We've loved 2MX2 for as long as the band has been around. But when we caught this crew of musicians opening for Flobots at Levitt Pavilion earlier this summer, we were blown away by their songs of liberation and joy, their charming choreography and ability to lure in the crowd. They are as committed to making the world a better place as they are to making us dance — and dance you will when you hear them deliver a mix of hip-hop, Latin sounds and soul. "Sí, se puede!"

Brothers of Brass

No Denver band has dominated the city's streets like Brothers of Brass, a group of horn and drum players that have wowed passersby outside major concerts and sporting events, led protests and brought the feel of a New Orleans marching band — laced with hip-hop — to the Mile High City. Walk around any corner in Denver, and these tireless musicians might be there, busking and breaking down covers and original songs alike, all while challenging the powers-that-be. And they've proved to be as magnificent on the stage as they are in the streets. So surrender yourself to the Brothers of Brass, because they will never back down.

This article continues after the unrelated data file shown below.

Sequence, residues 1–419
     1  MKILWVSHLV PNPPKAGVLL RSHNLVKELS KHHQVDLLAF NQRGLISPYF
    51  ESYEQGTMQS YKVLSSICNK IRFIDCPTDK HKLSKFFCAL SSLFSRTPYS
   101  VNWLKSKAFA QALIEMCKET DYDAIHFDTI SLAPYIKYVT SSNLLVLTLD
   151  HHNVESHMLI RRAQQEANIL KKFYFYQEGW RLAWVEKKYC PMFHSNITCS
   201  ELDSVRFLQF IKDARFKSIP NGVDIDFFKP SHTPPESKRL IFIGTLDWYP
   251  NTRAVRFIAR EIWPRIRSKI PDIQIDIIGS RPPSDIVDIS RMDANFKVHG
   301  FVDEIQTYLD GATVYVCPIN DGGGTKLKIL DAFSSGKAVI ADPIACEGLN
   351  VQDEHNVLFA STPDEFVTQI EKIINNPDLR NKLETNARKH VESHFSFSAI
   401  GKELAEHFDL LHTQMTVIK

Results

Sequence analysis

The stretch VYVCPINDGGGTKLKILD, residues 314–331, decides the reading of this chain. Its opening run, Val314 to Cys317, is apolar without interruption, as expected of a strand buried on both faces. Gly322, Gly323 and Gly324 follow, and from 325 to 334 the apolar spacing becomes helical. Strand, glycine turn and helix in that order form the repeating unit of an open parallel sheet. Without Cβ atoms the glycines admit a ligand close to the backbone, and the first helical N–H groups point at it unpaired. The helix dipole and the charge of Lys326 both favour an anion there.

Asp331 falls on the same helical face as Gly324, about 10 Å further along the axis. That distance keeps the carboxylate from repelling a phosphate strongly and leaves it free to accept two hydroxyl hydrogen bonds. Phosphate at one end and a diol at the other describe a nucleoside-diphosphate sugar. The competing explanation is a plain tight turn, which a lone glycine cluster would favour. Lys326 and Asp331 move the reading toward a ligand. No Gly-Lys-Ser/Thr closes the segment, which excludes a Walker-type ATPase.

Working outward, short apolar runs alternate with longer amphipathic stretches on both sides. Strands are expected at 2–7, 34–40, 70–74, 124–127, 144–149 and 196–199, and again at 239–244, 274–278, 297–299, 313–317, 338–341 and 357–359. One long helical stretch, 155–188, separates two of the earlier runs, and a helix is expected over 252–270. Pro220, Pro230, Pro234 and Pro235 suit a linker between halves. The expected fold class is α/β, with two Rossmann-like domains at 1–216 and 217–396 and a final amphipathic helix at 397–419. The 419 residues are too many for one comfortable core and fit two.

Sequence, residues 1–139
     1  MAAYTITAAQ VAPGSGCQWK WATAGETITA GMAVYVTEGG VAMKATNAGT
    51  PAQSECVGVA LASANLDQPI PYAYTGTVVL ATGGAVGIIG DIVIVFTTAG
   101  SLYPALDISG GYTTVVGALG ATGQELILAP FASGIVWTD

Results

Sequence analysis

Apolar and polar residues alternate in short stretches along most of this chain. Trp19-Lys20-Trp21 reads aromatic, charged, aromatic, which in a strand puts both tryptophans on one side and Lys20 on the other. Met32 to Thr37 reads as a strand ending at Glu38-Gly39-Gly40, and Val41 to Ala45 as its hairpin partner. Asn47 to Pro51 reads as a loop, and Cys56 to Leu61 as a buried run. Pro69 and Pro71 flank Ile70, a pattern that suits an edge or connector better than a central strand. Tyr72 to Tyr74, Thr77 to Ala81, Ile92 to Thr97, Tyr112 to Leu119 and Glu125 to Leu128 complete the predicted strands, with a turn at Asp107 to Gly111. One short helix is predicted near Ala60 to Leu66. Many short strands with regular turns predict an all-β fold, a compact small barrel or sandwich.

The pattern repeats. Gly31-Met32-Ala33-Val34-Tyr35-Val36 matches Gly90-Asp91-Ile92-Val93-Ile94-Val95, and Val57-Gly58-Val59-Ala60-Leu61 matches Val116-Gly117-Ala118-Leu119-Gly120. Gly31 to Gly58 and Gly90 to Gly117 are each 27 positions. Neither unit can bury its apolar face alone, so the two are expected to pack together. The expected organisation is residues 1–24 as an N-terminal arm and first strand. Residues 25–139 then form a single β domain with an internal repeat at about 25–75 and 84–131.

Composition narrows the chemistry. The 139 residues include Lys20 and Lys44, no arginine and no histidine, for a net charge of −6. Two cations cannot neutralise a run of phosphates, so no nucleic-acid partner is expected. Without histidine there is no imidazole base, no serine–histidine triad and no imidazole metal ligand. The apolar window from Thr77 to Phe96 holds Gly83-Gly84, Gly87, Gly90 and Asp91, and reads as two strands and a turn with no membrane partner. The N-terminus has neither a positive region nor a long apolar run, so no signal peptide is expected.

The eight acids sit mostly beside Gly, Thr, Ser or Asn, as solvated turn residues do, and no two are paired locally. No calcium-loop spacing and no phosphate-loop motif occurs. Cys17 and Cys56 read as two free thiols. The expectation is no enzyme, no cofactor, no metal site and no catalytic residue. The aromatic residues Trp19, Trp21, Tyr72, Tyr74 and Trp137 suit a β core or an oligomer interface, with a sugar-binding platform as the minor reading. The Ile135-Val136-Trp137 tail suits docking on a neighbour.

Skipping across genres, Boulder pop singer-songwriter Dafna has been racking up streams on Spotify and playing some of the region's best clubs, dazzling audiences with her catchy songs, lilting voice and extraordinary charisma. Her music is both intimate and emotionally explosive, the soundtrack to the sweetest, saddest moments of our lives. She's a natural star with extraordinary promise. Her music is a love potion, and you'll feel as light as a feather as you float away on her catchy melodies.
The Fort Collins-based alt-rockers in Holdfast. — two brothers and a cousin — dish out a pop-y take on their genre, with killer songwriting and festival-primed bangers that make you feel like the sun is shining, the wind is blowing through your hair and life is filled with possibility, even when it's tough. At music festivals, including Taste of Fort Collins and Hometown for the Holidays, their high-energy shows have attracted a passionate fan base. We're betting they'll win you over, too.
Nay Renee